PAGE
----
Chris Hall: Clipping Senator Pamela Wallin's wings
Contradicted by colleagues, facing police investigation, the once popular broadcaster is firmly in Senate purgatory
The Senate is calling in the RCMP to investigate Pamela Wallin's travel expenses. The judgment of Senate colleagues who reviewed her file is already in.
"The vast majority of senators know the rules,'' Conservative Gerald Comeau, chair of the Senate committee on internal economy, told reporters in announcing the Wallin matter had been referred to the Mounties.
"I think I can speak for colleagues on both sides that we found aspects of the report very troubling,'' added the Liberal vice-chair, George Furey, although he refused to say what those troubling things are.
What is clear from the report by auditors with the accounting firm, Deloitte, is that Wallin took a lot of trips at public expense.
She said it was part of being an activist senator, and saw it as her duty to accept invitations to speak on topics as varied as women in politics and the war in Afghanistan.
In making these trips, she often stopped in Toronto, where she owns a condo, for days at a time.
What's less clear is what the senator did there. In some cases Wallin herself had trouble recalling.
In one entry in her computer calendar, dated June 16, 2009, Wallin indicated the purpose of the trip was to speak at a fellowship award dinner. In fact, that engagement had occurred a year earlier, in 2008.
On another, Wallin claimed expenses for a July 2, 2009 trip to attend a military tribute. In fact, the auditors found she had sent regrets, and didn't attend.
This might all be chalked up to sloppy bookkeeping, except for one thing. Wallin, or someone else, had altered her computer calendar sometime in 2013, after the audit began, adding some events and deleting others in an attempt, she says, to be helpful.
In total, the auditors identified about $121,348 in travel claims that should not have been billed to the Senate. Another $20,000, the report says, falls into a grey area and they're leaving it for the Senate itself to decide whether the trips were really on public business.
For her part, the beleaguered former journalist, former diplomat and, now, former Conservative got her side out Monday before the findings were made public.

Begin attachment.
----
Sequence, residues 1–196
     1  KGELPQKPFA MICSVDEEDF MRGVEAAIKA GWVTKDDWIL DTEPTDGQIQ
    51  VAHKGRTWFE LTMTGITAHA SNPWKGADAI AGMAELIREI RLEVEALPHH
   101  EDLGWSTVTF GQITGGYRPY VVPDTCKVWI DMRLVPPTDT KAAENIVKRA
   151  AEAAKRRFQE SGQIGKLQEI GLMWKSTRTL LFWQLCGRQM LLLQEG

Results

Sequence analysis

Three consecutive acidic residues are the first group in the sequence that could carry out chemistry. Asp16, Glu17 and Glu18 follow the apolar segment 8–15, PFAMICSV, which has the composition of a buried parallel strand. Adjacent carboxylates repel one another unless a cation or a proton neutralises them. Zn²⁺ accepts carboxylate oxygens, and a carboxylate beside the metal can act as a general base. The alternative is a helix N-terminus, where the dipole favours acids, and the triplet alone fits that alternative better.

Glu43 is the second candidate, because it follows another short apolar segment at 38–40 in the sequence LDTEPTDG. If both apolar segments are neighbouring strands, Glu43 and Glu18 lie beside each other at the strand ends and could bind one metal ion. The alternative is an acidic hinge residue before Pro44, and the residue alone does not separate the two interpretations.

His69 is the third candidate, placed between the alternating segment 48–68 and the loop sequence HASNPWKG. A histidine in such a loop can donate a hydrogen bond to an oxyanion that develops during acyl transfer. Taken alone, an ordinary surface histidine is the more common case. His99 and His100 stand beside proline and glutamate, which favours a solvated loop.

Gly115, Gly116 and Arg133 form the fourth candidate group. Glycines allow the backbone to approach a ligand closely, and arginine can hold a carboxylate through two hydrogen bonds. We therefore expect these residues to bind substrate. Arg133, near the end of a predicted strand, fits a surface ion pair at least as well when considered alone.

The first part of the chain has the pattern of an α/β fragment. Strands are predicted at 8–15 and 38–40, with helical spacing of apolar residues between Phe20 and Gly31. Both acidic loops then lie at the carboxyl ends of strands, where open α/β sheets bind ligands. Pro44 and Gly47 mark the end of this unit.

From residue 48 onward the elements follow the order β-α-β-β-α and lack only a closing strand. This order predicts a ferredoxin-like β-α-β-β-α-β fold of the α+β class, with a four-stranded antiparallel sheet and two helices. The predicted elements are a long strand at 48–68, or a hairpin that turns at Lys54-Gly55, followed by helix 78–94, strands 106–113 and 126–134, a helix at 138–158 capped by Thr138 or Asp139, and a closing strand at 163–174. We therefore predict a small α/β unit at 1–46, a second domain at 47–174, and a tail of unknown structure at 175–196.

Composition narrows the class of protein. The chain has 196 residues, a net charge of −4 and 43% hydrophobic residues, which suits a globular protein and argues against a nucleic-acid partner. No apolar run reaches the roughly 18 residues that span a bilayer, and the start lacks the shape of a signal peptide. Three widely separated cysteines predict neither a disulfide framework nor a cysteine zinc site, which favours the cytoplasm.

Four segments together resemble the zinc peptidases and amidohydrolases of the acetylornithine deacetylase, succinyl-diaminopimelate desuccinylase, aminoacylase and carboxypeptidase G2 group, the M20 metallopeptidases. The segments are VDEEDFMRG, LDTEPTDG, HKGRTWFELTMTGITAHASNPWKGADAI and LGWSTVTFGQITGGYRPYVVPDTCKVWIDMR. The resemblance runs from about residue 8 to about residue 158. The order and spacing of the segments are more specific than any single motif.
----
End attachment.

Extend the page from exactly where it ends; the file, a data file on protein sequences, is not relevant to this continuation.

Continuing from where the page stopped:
She insisted the audit was fundamentally flawed, and that rule changes introduced in 2012 were retroactively applied to her travels before then. She said she never tried to mislead the auditors.
She also said the alterations to her calendar were done on the advice of Senator David Tkachuk, the former Conservative chairman of the committee on internal economy, to simplify the entries by including only relevant information.
Tkachuk told reporters Tuesday that he doesn't remember it quite that way.
"It was a passing comment in an hour-long conversation,'' he said. ''If she did something wrong, no one told her to do it.''
Contradicted by colleagues. Facing police investigation. As of today, Pamela Wallin is a senator who is no longer allowed to travel on the public's dime except for direct flights to her home province — and even those will be monitored by the Senate.
It's a purgatory shared with three other senators: former Conservatives Mike Duffy and Patrick Brazeau, and former Liberal Senator Mac Harb.
- Wallin wanted to be 'an activist senator'
- 10 expenses Deloitte auditors found ineligible
- 4 surprising things in the Wallin audit
- Read the Pamela Wallin audit and the Senate report
Whether all, some or any of them will be charged with anything remains to be seen. And probably won't be known for some time.
What is clear is that their reputations, and by extension the reputation of the Senate itself, are badly damaged, likely irrevocably.
George Furey said as much Tuesday.
"Colleagues I have spoken to during the summer tell me that everywhere they go they are being mocked. They find it very, very difficult. It's a difficult time for the institution, no question.''
And yet, there may well be some merit to Wallin's arguments.
Senator Hugh Segal, for one, said the auditors told him that there is no evidence Wallin intended to mislead, and he dismissed the decision to refer her case to the RCMP as childish.
"I've gone through the report in great detail, and I'd be surprised if the RCMP found anything of interest.''
It is also a fact that the Senate's administrative rules are open to interpretation. Her trips to speak to groups about women's issues, or Canada's role in Afghanistan, could be considered legitimate Senate business.
Other senators work diligently on public causes and seem to know what falls within the rubric of Senate business.
Former general Roméo Dallaire, for example, is at the forefront of the international effort to stop the use of child soldiers. Jim Munson is a tireless crusader for research into autism. Bert Brown, now retired, criss-crossed the country promoting an elected Senate.
Wallin's supporters see her work in the same light. But there is a difference.
Wallin's travel patterns caught the attention of Senate finance officers. (Between her appointment in January 2009 and September 2012, she submitted $532,508 in travel expenses.)
They referred her expense claims to the committee on internal economy. And Wallin began reimbursing taxpayers for improperly claimed trips.
To date she's repaid more than $38,000, and Monday, before Senator Comeau and his committee made their demands, Wallin promised to pay back the remaining amount, with interest.
Comeau says she has 30 days to do that.